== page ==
Lake Monticello; Worth a Look for Fly Fishing Adventure

| March 18, 2013

Monticello Power Plant Lake Monticello
All things warm and wonderful from the generation of electricity. That includes warmer than average water temperatures on Lake Monticello.

How many times have we shut things down for winter, bowing to the brutal (by Texas standards) North Texas winters, and putting it all away for months at a time? We settle for less in the days of $4-dollar gas, rather than look for more, until now.

[ppw id=”119934144″ description=”Lake Monticello Fly Fishing” price=”.10″]

Sure, there were the forays to generation lakes like Fairfield for the winter freshwater redfish, but that idea was fleeting, and after some major fish kills, Lake Fairfield is off just about everybody’s radar – including the Texas Parks and Wildlife Department (TPWD). Of course they put the “chamber of commerce” version out front, but if you dig deeper, you read that they have suspended stocking that lake.

Lake Monticello is about three hours east of Dallas, Texas, and a lake that came onto my radar because of what I’ve seen from Rob Woodruff’s experiences there. What really turned me onto this lake, besides the fact it has water in it, is its small size.

If the air is cold, and the water is not spring/summer warm, it makes sense to me to find smaller water bodies that offer two things; 1) protection from the wind, and 2) shorter distances in case I find myself in the water. If you can add a warmwater outlet from a power plant, well that could be a slow motion dream sequence.

Go to the TPWD website information on Monticello, and another encouraging thing is the lack of fancy videos, new photographs and excited reports. This lake may be a sleeper. Next on the clicker is the lake level (these days) – Monticello Lake Level. Just as I suspected – they have plenty of water. How many aces are there in a deck!

As I looked at the satellite, the first thing I noticed is the the size of Monticello, and the first thing I looked for is the distance between launch and the power plant water outlet.


I drove across the Monticello on the FM 127 Bridge, and immediately found myself in the power plant’s no-man’s-land, and after trying SW22-SW19, realized the power plant side had no access. The fact it’s a power plant means security is necessarily tight and fences abut the road where one would logically want to slide a boat down the embankment into the water. It was either that or thickets so dense as to be impenetrable. PLAN B; back across the bridge (all short distances), I turned off left onto the small roads that lead to Monticello Park. If you like quaint, drive slow so you don’t hit the dozens of free ranging chickens along the way, and make sure you go slow so the bass boaters have time to correct out of the middle of the narrow road. Once you get to the park you’ll find it’s a pay park, so make sure you have two whopping Washington’s ready, along with a pen to fill out the envelope.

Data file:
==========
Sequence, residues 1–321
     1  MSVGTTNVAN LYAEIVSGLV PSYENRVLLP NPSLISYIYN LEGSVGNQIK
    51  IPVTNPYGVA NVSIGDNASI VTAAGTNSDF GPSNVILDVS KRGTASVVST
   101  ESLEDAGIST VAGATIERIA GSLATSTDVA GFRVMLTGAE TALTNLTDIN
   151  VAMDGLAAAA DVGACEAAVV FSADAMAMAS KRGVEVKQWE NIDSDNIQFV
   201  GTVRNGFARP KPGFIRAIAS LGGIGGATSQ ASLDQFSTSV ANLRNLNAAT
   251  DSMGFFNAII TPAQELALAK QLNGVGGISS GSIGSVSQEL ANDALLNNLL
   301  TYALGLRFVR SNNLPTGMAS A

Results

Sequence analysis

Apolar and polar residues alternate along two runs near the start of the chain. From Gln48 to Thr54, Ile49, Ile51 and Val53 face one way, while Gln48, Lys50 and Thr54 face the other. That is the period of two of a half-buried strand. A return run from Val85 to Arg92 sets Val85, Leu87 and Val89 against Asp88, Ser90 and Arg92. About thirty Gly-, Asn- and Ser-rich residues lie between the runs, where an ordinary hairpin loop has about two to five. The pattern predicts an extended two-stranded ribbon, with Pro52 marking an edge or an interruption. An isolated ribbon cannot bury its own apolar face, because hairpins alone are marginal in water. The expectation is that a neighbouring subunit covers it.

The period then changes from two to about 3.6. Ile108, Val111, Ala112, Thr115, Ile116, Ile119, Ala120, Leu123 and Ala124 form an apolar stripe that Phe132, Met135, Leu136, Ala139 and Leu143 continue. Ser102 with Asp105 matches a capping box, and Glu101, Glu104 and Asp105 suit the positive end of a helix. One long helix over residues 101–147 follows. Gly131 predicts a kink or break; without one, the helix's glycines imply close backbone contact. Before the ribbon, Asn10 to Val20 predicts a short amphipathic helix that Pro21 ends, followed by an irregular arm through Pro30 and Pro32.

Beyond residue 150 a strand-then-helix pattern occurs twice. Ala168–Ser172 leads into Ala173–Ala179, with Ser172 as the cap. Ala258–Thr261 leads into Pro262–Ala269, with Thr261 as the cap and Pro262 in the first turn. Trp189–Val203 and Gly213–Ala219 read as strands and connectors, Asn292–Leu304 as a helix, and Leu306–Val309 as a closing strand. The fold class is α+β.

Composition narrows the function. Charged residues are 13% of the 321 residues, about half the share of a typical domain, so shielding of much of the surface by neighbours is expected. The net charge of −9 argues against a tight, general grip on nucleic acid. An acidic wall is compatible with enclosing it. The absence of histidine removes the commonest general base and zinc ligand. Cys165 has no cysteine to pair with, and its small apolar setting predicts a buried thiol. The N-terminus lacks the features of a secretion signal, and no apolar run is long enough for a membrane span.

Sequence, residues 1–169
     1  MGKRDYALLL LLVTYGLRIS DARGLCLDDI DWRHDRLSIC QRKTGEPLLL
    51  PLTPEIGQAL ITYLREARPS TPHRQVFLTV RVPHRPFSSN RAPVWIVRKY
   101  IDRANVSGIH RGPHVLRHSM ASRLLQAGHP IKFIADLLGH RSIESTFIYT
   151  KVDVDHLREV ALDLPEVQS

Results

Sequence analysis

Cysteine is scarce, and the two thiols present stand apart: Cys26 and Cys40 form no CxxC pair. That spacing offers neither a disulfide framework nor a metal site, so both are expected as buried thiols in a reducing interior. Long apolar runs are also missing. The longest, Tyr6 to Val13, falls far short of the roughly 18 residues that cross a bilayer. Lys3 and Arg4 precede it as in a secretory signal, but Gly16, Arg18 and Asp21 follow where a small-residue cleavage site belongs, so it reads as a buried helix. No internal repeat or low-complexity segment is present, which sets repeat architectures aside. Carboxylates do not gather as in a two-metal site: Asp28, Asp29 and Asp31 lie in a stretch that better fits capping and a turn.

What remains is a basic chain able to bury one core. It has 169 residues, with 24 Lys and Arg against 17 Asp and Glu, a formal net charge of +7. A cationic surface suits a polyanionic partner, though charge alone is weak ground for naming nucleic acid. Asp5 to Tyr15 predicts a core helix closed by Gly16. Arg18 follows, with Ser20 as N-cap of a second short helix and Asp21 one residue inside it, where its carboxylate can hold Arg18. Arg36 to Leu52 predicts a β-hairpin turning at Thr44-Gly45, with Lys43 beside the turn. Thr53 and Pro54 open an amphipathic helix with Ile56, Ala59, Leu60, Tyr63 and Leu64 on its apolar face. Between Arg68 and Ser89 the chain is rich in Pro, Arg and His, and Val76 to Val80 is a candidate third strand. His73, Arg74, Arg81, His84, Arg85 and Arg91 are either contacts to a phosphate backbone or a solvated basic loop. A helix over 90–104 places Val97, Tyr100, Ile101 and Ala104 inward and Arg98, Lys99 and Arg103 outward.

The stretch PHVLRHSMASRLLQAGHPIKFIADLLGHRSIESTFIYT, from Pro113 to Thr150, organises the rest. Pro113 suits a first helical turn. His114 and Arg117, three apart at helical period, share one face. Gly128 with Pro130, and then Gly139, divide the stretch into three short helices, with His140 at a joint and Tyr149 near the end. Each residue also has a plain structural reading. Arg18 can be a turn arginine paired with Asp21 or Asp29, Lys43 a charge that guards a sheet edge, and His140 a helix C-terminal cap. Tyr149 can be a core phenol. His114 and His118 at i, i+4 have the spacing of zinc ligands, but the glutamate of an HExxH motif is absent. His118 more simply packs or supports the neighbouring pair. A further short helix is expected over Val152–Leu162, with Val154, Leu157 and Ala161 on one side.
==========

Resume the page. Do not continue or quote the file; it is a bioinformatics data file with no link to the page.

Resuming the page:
It was across from the belching power plant, a deceiving distance away. I stuck my hand in the water, and it wasn’t exactly a sauna. PLAN B part 1 was a full rethink of trying to reach the water outlet and warm water. The wind was beginning to crank, and the coves on nearby the boat launch were offering obvious protection.

Monticello Spring Spawn Habitat
Water was a bit stirred by the winds, but this is the habitat where bass are doing their spring thing.

As I paddled into the first cove, there wasn’t any obvious action in the shallows, but the habitat was absolutely different from anything on Ray Roberts. There were these reeds on hard sand along the shoreline, alternating between dense and alive, dispersed, and dead patches with no green on top.

About forty feet off the shorelines, the color changed drastically with vegetation and depth. This lake obviously doesn’t suffer from the winter cold.

I stood up on the Native to get a better look, and saw a big lighter colored area (maybe five feet across), and a nice male bass hovering over what was obviously a spawning bed. He darted off into the reeds, and then cautiously made his way back to the bed. Nature at its best. It was early so I decided to leave that nursery school alone, and maybe on the way back I could see if these lovers would bite. Besides the next stand of reeds could hold more, bigger.

I left that cove, and skirted up to the next one. It appeared to be without any of that same habitat, so it was on to the next one. By this time I was getting closer to the bridge, could see the birds working the warm water, and was getting used to hearing the bass boats hitting their “hole shots” and blowing by at 50-mph – straight to the bridge, shut it down, pass under, and then hit the pedal again. After that, I had no idea where they were going, but curiosity was about to kill this cat.

To be continued …

NOTE: You’ll always see me in a personal floatation device when kayaking in winter, and up until the weather gets hot. After that, my PFD is always within hand’s grasp, and on (in rare deeper water runs). This year I plan on getting one of those fancy Co2 auto inflating PFD’s and will let you know how that works out. I’ve seen drowning victims, and it isn’t good.


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Category: Adventure, East Texas, Fishing Reports, Paid Reading Content

About the Author () is where to find my other day job. I write and photograph fish stories professionally, and for free here! Journalist by training. This site is for telling true fishing news stories, unless otherwise noted.

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